Some people also were concerned about residents of the development having views into the houses surrounding the property, and some had concerns about building affordable housing versus market-rate housing.
During this evening’s public comment period, several Globe residents spoke in person, mostly in opposition. Opponents raised a large number of issues, centering on parking, traffic, and crime.
Several residents also submitted written comments, mostly expressing support of the project.
Mayor Gameros supports project, acknowledges concerns
Mayor Gameros spoke in support of the development, expressing confidence in being able to work out the issues that had been raised.
Speaking to the issue of traffic safety, Mayor Gameros said it is a concern, but he feels that if the City, the school, and the developer work together, it can be made safer.
Mayor Gameros said many developers have tried to rehab the school in the past, but none of them were able to come up with the money needed – upwards of $20 million. Gameros said having a developer willing to come to the table with the funding needed is “not going to happen again.”
“We’ll never get this opportunity again,” Gameros said.
“I think this project would be amazing for our community. I think we do have some concerns that can be worked out, but we have time to do that.” Mayor Al Gameros
Council selects redistricting map
Moving forward on the redistricting process that was discussed at Council’s last meeting, Council selected a proposed new map. The redistricting will apply beginning in 2024.
Council agreed to select map alternative 103. This map will be published on the City’s website. The matter will come back before Council on February 22 for final approval.
Shelly Salazar reminded Council that the City is being required to redistrict and that a consultant produced three proposed maps. She also said the City has learned that the redistricting will not go into effect until the 2024 election process. However, the City will continue to go forward with the process, as the deadline to complete it is still in July of this year.
Council moves forward on replacement of Connie’s Bridge
Council approved moving forward with an advertisement for bids for replacing Upper Pinal Creek Bridge (Connie’s Bridge). Jerry Barnes explained that the City has raised over $4 million for this project, and it will be the first bridge the City has replaced in over 20 years.
The project will include roadwork and possible sidewalk work near the bridge.
Barnes said possible additional work has been broken into three alternates. One is Hill Street, the second is from Cottonwood to the new bridge, including asphalt and sidewalk work, and the third alternative would be the demolition of the old structure.
The combination of the new bridge going in at Cottonwood, the new Connie’s Bridge, and asphalt that will connect those bridges are being called the Hill Street Corridor.
The bid documents will likely go out by the first of March. Construction will begin in June and will take about nine months.
Council also approved motions for the following:
- Accounts payable in the amount of $762,502.21
- The Gila County Fire Chief’s Association Mutual Aid Agreement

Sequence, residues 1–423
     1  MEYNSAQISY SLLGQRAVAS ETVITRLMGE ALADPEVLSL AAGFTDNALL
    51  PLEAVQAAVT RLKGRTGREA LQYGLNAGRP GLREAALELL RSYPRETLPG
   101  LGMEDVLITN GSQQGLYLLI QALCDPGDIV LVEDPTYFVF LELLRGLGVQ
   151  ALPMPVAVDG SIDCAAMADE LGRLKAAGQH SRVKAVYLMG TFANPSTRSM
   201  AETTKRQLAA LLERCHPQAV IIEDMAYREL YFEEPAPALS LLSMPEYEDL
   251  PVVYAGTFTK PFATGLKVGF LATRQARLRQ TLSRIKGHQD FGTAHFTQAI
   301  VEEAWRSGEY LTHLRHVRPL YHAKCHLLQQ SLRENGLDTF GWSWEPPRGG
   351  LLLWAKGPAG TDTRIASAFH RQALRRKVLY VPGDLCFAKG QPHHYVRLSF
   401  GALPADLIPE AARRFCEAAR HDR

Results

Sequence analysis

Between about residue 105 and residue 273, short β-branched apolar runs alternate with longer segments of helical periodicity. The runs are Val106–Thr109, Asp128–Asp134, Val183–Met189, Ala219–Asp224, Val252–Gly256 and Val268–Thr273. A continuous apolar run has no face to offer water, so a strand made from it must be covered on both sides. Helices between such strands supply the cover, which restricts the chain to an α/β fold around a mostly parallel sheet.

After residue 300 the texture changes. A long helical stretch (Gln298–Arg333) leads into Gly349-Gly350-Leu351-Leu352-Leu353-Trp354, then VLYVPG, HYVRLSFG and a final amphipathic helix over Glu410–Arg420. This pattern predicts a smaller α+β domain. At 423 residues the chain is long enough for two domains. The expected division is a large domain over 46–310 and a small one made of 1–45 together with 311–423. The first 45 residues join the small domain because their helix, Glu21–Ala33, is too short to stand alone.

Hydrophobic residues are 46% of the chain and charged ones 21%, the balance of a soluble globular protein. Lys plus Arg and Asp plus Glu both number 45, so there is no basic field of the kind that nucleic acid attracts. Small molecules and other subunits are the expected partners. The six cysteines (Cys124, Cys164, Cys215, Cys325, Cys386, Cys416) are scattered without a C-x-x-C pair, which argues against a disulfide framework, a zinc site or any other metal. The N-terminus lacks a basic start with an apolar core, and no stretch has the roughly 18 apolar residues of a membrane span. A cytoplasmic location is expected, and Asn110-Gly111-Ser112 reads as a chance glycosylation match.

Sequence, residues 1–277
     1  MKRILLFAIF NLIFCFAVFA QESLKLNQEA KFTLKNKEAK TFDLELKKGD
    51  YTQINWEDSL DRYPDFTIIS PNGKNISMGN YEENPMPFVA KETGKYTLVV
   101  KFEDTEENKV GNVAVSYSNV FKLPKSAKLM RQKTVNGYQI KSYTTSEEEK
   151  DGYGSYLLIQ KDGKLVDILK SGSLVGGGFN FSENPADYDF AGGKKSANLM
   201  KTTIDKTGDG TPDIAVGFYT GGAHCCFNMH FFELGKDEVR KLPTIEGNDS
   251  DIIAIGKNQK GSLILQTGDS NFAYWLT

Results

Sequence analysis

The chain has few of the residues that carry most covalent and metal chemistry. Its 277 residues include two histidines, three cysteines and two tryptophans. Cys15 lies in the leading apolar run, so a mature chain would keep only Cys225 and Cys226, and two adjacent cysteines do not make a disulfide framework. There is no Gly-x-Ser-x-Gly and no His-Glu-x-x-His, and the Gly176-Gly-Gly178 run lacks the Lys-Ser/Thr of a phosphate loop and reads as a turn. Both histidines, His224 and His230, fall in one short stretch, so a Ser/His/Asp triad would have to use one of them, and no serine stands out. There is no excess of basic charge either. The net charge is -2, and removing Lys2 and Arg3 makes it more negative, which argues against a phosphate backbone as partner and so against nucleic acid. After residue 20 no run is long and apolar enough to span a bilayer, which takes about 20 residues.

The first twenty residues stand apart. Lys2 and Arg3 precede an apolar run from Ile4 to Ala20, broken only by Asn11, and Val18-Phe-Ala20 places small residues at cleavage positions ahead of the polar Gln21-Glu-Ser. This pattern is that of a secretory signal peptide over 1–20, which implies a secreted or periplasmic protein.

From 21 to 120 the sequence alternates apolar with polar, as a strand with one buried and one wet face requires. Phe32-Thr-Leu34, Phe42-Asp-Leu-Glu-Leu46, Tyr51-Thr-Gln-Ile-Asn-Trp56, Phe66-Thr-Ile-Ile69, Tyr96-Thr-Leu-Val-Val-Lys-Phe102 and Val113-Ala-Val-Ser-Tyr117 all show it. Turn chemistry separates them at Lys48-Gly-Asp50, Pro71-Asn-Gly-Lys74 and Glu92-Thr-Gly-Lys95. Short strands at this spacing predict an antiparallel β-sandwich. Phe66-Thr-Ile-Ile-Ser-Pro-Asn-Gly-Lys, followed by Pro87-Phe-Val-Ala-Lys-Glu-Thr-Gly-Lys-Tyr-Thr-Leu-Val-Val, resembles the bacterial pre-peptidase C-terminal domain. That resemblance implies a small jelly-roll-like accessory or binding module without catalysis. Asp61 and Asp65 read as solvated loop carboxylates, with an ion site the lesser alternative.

- The HeartFit for Duty Annual Physical Agreement with the Globe Fire Department
- The “Cascading Poppies” mural along the Silver King Stairs as part of the “Stairizona Trail Route” donated to the City of Globe by the “I Art Globe” organization
- A Memorandum of Understanding between Gila County Division of Health – AZ Health Zone and Globe Public Library to facilitate programs held at Globe Public Library presented by Gila County Division of Health – AZ Health Zone targeting low-income, SNAP-eligible residents of Globe and establish an annual calendar of events
- A contract with MMI Tank in the amount of $1,343 for the Bonita Flats Booster Hydro-Pneumatic Tank Project
- Moving forward with the purchase of Ditch Witch MV800 Vacuum Excavator in the amount of $46,489
- Transfer of funds in the amount of $10,533.06 to purchase BolaWraps for the Police Department. Chief Walters explained that BolaWraps are a less lethal device for combating violent offenders. A video is available of Councilman Stapleton testing the device. Walters said there will be training, and Council will have a chance to see a demonstration. The League of Cities will be reimbursing half the cost of the equipment.
- A Call of Election for the August 2, 2022, Primary Election and the November 8, 2022, General Election. The resolution designates the dates and purposes of elections, deadlines for voter registration, and places and last dates for candidates to file nomination papers. Shelly Salazar said the seats up for this call are Districts 3, 4, 5, and 6. The clerk’s office will be accepting nomination paperwork from candidates between March 5 and April 4. The primary election will be on August 2, and the deadline for voter registration is July 5.
To view documents related to this meeting click here.
Full minutes can be found by going to the City Hall website and clicking on Agendas/Minutes in the bottom left-hand corner.
The Globe City Council meets every second and fourth Tuesday of the month at 6:00 p.m. at City Hall. The meetings are currently open to the public at 50% capacity. Members of the public are requested to wear a mask except when seated. Seating is limited to allow for social distancing.
Members of the public can also participate in City of Globe public meetings by viewing the meeting live on YouTube. To view the Council meeting live stream, go to the City of Globe’s YouTube channel (search for City of Globe Arizona).
To speak to agenda items before or during the meeting, you can call or text (928) 200-0154 or send an email to firstname.lastname@example.org. If you desire to speak to the Council during an agenda item.
Patricia Sanders lived in Globe from 2004 to 2008 and at Reevis Mountain School, in the Tonto National Forest, from 2008 to 2014. She has been a writer and editor for GMT since 2015. She currently lives on Santa Maria island in the Azores.